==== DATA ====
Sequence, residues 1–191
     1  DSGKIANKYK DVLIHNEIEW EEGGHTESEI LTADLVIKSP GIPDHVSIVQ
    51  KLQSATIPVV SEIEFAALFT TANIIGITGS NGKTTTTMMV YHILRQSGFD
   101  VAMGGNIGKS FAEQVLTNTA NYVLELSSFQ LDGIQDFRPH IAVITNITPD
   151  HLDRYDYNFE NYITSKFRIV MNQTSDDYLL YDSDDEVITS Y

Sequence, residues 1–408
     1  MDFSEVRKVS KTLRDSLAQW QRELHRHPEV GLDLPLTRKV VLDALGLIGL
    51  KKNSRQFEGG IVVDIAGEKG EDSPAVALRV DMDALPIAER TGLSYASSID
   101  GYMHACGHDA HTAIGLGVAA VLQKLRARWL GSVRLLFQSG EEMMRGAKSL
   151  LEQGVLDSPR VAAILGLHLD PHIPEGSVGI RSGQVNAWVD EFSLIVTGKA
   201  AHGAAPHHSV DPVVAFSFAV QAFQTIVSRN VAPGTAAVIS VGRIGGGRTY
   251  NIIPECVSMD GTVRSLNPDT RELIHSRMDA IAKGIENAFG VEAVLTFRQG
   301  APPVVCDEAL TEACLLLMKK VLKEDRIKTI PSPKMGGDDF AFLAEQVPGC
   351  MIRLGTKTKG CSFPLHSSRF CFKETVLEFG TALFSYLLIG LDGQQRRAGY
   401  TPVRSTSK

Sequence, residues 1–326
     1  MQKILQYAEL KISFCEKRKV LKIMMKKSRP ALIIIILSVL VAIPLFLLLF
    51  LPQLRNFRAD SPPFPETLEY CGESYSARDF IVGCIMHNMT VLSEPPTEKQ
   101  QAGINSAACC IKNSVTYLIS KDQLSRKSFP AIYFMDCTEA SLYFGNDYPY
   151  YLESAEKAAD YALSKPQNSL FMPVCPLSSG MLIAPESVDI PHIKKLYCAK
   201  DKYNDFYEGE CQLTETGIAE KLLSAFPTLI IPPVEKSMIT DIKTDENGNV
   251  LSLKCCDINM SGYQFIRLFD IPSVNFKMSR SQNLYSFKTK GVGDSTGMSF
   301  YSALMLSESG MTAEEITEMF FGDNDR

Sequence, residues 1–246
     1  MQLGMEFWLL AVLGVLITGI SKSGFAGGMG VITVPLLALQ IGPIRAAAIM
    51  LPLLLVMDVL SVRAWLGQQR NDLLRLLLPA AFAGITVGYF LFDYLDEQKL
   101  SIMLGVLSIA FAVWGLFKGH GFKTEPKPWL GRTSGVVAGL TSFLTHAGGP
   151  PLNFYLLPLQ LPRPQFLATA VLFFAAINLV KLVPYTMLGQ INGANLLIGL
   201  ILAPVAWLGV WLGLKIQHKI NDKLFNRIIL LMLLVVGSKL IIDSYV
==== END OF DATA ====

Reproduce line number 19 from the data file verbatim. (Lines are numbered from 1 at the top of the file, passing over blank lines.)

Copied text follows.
   101  QAGINSAACC IKNSVTYLIS KDQLSRKSFP AIYFMDCTEA SLYFGNDYPY